While it’s possible to make sticky toffee pudding in the United States, finding the ingredients is a bit of a hassle. A proper sticky toffee pudding requires dates, inverted sugar, and Lyle’s golden syrup. While it’s incredible topped with a scoop of clotted cream ice cream, French vanilla will do in a pinch.
Sticky toffee pudding is so incredible that I smuggled some into the United States. There’s a brand called Gü, which is like Häagen-Dazs except they do all kinds of desserts. Gü never steered me wrong, and their hot puds sticky toffee pudding was no exception. Just thinking about the buttery richness of those sinful little puddings makes me want to hop on a plane and go right back!
…But, lunch sucks
There’s a flip side to everything, and in this case it’s the true wretchedness of lunch in the UK. First of all, they put strange things in sandwiches, like tuna with sweet corn, or spicy chicken curry salad, or egg salad without mayonnaise or any seasoning, or tomato and cheese on soggy white bread. Secondly, I could never quite get the hang of when lunchtime is, since breakfast is served until 11:00 and tea time is at 3:00. Maybe that’s why lunches are so light, they are just a pit stop on the way to tea time which, by the way, is also amazing.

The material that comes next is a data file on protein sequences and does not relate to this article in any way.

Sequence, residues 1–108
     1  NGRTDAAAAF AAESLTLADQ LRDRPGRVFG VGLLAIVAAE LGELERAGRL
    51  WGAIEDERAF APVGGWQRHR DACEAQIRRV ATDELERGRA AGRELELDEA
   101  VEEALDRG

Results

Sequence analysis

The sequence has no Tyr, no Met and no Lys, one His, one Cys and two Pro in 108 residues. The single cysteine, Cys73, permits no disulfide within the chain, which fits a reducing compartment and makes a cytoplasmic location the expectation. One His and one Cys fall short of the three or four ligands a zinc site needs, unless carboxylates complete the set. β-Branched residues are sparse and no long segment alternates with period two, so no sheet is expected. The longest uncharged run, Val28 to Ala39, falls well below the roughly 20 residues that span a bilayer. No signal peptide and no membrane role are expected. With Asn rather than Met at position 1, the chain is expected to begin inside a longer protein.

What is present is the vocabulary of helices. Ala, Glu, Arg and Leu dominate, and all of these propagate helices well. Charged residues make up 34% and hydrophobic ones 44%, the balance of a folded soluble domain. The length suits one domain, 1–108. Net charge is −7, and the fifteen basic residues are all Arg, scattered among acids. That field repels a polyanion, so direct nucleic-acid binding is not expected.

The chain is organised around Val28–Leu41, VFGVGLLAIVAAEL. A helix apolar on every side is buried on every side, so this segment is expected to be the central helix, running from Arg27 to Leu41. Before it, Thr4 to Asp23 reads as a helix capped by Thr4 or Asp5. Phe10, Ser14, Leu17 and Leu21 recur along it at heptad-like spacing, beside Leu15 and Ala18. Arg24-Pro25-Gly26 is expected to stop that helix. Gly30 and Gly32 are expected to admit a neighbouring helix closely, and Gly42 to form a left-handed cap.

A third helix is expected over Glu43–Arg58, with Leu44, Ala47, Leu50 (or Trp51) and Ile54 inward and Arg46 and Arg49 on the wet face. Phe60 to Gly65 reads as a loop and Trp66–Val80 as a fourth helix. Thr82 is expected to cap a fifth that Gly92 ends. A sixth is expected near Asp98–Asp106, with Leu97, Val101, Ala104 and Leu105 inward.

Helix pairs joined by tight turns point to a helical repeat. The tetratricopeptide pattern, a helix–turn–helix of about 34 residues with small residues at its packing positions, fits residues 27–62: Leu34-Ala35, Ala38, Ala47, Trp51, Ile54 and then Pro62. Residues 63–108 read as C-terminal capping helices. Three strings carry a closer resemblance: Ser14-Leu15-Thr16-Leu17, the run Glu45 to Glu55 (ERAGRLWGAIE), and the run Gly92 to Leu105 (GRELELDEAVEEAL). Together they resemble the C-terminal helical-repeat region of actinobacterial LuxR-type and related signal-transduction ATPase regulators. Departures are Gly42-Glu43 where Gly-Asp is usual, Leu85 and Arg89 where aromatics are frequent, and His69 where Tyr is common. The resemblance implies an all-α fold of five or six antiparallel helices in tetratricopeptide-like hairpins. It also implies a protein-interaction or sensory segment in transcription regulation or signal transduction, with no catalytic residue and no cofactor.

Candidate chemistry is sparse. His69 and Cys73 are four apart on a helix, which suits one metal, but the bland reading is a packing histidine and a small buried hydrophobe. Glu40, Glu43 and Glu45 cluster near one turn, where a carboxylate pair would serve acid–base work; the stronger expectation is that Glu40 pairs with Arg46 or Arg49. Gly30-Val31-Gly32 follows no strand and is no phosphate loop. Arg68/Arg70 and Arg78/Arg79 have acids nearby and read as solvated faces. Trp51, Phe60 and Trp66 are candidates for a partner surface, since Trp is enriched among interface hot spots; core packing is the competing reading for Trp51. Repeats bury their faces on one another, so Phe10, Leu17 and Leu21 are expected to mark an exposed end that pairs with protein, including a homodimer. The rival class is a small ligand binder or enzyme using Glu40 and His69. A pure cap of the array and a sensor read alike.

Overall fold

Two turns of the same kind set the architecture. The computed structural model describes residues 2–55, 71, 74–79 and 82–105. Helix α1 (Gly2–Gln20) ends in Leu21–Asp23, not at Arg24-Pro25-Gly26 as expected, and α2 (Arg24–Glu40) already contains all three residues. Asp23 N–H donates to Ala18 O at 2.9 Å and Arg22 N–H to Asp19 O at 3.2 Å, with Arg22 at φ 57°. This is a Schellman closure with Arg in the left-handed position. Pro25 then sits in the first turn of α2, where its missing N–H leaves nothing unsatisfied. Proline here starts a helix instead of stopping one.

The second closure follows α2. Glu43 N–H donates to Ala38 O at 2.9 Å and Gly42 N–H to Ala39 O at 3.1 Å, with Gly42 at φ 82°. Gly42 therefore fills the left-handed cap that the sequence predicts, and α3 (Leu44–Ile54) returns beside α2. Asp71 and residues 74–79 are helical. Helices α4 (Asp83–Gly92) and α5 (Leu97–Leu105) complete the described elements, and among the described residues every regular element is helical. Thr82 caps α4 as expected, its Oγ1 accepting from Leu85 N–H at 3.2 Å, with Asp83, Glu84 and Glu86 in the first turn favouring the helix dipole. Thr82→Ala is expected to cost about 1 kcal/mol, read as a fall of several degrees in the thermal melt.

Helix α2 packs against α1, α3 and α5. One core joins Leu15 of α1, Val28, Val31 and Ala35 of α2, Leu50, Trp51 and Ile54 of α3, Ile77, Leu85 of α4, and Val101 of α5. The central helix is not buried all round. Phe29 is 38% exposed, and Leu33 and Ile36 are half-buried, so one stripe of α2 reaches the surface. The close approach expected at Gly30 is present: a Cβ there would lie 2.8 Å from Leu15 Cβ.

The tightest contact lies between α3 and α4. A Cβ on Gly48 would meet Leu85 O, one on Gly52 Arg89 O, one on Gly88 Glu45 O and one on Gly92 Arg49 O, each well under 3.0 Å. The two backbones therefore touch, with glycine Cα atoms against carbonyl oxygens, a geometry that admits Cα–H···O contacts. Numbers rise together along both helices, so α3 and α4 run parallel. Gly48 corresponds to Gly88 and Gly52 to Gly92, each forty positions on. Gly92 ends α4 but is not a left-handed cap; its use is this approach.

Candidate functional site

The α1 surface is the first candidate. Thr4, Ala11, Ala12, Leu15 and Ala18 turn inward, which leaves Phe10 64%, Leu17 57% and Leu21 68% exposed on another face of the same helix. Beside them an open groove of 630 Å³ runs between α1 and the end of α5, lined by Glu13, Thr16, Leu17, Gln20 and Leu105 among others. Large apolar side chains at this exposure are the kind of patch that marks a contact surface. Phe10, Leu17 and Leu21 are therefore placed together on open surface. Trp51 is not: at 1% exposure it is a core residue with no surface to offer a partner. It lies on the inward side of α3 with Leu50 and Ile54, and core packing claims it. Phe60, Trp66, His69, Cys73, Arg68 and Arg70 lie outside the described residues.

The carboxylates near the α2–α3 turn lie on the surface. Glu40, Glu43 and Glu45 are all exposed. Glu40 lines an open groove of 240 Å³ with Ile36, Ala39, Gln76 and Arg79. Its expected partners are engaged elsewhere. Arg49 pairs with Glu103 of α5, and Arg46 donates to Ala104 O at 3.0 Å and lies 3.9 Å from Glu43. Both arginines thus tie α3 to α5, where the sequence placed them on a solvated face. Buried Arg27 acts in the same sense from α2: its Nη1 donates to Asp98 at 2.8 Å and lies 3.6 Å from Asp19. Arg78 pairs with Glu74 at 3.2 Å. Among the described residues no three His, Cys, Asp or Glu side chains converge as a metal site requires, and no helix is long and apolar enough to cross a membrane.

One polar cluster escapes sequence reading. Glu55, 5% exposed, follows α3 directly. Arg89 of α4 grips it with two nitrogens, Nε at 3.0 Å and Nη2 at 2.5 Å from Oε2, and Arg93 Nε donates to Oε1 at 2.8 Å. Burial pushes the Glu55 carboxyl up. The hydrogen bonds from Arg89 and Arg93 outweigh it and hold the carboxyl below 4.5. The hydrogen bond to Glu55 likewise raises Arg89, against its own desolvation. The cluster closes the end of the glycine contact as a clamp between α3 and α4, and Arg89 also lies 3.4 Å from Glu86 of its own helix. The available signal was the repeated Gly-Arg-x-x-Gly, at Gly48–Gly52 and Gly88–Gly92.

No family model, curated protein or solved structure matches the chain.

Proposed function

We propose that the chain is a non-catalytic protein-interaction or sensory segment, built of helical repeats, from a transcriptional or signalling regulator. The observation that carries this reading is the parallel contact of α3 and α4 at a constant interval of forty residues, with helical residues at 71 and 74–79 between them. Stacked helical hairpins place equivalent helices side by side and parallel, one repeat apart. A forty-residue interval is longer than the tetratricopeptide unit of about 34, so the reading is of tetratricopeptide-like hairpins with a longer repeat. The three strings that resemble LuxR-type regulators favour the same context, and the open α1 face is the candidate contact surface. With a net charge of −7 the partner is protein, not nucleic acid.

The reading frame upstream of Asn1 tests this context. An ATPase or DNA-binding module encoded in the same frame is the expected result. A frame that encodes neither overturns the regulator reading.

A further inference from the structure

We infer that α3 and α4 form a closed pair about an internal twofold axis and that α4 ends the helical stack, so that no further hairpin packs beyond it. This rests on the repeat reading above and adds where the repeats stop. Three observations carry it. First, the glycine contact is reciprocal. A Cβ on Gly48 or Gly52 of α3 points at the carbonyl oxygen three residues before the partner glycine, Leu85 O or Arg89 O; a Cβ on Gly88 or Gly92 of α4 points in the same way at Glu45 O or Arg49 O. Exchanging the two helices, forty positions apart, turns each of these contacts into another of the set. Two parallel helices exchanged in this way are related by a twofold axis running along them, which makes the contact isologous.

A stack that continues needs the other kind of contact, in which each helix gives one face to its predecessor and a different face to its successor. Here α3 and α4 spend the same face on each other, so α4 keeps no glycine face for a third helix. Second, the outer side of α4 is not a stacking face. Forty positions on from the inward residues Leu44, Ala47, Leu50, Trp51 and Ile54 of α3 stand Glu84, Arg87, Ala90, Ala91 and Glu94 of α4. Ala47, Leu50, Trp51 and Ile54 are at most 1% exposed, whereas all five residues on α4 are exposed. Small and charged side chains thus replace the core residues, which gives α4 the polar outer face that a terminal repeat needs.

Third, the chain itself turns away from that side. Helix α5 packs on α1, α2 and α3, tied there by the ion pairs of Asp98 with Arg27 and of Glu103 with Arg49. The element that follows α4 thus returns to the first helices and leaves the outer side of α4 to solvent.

If you’re really jonesing for a midday meal, your best bet is to visit a chippy AKA chip shop. Chippies are the hot dog vendors of Scotland, ubiquitous and highly varying in quality. Out of eight chip shops I visited, three were incredible, four were good, and one was downright awful (the fact that they sold deep-fried pizza was a red flag I should not have ignored). If you ever make it across the pond, Bertie’s, City Restaurant and Mum’s Comfort Food were my favorites.
Another good alternative to God-awful Scottish lunches are Cornish pasty, AKA hand pies. These are small, usually handheld pouches about the size of a Hot Pocket. They usually have a braided rim which makes them really easy to hold, but sometimes they have the edges of a regular pie. There are tons of different varieties, some of my favorites were cheese and onion, spinach and feta, chicken and mushroom, and potato cheese and onion.
I met this really friendly couple at a place around the corner from my apartment in Edinburgh called The Piemaker. I was ordering a ton of pies near the end of the night, they were in line behind me and I felt bad about hogging all the cornish pastries. So I asked them if they wanted to go ahead and get some pies before I demolished what was left. Turned out they were the owners!